QMUL English Postgraduate Research Seminar: Dr. Brian Murray

'The Journeys of Saleh bin Osman: An African Traveller in the Imperial Archive'

In some of the most widely circulated images of Henry Morton Stanley, the Welsh-American explorer and travel writer poses in opposition to a subordinate black body.


Audiences at Stanley’s popular lectures in Britain, Ireland, and North America were treated to a similar spectacle (in press accounts, these individuals are usually described as ‘African servants’ or simply ‘black boys’). Yet some of Stanley’s African ‘valets’ had completed feats of travel to rival the great ‘explorer’ himself. This paper will consider Stanley’s heroic self-fashioning from the perspective of one of these unheralded African travellers. A native of Zanzibar, Saleh bin Osman travelled extensively in India, Africa, Europe and North America.

In his short career as a porter, servant, and translator, he navigated competing spheres of Arab, British, German and Portuguese imperial influence in East Africa. Unusually for an African recruit on European expeditions, several documents (published and unpublished) record Saleh’s experiences in his own words (albeit mediated by the racialised conventions of the imperial archive).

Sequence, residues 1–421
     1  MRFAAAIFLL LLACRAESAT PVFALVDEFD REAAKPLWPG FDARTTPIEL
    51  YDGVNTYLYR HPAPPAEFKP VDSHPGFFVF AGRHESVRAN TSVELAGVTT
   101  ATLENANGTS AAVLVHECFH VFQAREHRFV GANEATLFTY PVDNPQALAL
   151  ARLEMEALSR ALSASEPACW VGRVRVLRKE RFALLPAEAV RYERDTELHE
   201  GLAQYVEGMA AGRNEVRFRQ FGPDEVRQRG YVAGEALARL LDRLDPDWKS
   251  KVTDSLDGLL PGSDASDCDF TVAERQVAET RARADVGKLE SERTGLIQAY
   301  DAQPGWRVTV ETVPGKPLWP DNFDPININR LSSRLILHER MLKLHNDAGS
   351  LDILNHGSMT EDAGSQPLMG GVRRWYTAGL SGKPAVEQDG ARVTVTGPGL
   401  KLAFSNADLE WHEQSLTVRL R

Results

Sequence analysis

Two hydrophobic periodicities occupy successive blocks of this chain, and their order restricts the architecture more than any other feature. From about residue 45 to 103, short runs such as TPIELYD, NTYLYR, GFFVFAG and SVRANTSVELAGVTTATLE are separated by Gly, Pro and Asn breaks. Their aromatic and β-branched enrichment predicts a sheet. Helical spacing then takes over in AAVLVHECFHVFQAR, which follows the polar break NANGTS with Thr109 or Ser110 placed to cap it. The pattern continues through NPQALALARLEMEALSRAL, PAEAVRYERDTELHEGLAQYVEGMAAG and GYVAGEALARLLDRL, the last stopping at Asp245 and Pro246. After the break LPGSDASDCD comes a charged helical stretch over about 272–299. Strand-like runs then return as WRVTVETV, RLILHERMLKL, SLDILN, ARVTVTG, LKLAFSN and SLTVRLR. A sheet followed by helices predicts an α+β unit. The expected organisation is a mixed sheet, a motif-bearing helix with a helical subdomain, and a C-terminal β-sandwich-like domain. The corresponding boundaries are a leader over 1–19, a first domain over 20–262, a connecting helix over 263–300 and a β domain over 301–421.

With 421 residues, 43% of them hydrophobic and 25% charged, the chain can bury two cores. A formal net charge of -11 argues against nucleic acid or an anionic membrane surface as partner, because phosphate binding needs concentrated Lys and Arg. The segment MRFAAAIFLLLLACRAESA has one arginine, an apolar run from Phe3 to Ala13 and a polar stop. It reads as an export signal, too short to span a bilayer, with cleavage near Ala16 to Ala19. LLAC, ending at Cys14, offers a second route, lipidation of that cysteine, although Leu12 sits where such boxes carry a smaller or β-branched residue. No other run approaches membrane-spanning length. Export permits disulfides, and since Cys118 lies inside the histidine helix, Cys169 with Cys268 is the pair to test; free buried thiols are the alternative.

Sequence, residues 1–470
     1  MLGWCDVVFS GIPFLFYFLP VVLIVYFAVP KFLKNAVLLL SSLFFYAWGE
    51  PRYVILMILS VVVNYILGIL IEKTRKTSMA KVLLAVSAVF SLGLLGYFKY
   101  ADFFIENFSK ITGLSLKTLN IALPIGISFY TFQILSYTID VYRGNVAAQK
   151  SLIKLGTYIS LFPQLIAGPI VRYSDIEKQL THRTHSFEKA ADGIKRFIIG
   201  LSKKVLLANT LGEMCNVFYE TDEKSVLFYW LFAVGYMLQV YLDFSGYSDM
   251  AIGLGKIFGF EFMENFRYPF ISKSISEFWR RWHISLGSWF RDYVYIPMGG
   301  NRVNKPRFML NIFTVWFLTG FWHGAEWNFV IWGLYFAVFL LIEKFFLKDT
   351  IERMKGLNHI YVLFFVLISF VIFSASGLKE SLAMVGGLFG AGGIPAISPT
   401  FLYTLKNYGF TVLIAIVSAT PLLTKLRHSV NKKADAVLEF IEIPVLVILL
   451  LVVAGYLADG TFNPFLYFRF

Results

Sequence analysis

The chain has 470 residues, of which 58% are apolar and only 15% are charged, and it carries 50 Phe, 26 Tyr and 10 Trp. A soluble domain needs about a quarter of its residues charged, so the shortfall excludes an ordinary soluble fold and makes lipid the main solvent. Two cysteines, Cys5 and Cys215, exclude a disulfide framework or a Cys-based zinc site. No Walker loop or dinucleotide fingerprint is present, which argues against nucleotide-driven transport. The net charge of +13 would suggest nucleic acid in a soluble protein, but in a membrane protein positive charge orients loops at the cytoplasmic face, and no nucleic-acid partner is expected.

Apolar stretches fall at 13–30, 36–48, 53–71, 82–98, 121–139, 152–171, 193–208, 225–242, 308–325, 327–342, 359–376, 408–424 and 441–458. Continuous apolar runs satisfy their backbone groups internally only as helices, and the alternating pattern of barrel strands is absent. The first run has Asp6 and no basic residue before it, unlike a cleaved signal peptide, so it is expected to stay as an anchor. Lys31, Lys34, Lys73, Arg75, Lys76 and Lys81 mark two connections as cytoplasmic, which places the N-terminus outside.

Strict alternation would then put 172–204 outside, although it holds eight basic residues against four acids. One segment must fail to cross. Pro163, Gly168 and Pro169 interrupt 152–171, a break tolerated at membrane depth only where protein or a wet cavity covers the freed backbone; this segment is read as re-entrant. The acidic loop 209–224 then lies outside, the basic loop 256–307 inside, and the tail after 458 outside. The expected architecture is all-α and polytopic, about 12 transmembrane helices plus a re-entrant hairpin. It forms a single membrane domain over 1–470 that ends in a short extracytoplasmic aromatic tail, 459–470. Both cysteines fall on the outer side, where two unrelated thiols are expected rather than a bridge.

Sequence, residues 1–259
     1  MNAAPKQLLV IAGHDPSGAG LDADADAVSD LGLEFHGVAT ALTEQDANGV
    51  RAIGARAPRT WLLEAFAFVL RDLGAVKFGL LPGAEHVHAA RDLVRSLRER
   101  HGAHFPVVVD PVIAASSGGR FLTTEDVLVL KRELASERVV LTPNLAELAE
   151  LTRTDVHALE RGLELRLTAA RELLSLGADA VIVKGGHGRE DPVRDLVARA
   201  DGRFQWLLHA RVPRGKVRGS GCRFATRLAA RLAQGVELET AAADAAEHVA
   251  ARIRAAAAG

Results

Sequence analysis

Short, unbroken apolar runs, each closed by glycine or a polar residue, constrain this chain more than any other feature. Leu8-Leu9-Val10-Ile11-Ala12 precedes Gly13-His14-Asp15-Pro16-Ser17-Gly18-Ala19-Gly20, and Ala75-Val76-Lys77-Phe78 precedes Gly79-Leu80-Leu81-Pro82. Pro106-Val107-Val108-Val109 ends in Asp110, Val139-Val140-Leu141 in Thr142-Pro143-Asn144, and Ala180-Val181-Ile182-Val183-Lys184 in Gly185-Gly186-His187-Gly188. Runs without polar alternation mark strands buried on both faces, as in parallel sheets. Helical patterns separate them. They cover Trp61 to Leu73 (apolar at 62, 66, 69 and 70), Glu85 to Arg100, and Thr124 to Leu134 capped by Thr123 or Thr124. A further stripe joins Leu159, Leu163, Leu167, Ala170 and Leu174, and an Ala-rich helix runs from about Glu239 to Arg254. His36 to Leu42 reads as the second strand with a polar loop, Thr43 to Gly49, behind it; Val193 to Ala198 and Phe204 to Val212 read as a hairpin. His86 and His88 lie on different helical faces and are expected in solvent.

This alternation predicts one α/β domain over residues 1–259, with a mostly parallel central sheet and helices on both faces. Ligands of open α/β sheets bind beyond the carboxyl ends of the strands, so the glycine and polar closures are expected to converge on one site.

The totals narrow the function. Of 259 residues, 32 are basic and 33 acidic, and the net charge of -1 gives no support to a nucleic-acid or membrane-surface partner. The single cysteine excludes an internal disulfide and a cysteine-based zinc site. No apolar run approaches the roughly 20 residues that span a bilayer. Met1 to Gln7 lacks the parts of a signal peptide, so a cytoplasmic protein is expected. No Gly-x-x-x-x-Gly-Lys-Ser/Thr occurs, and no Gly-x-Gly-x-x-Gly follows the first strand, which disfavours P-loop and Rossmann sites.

Yet by concentrating on the traces of Saleh bin Osman’s story, we begin to discern an alternative history of the European encounter with Africa. When the subaltern figure of the ‘African servant’ asserted his limited agency to disruptive ends, both the authority of the white explorer and the racial hierarchies of Euro-American society were briefly unsettled.

Location: Queen Mary University of London Mile End Road London E1 4NS

Date and time: Wed, 7 December 2022, 17:00 – 18:00 GMT

Book Ticket here

Brian Murray studied at Trinity College Dublin and Oxford before completing his PhD at King’s in 2011. From 2012 to 2015, Brian was Postdoctoral Research Fellow at Cambridge, where he worked with ten other scholars on a collaborative European Research Council project ‘The Bible and Antiquity in Nineteenth Century Culture’. He returned to King’s as Lecturer in Nineteenth-Century Literature in 2015. Brian’s research interests include travel writing, religion, empire and the reception of the classical and biblical past in the nineteenth century.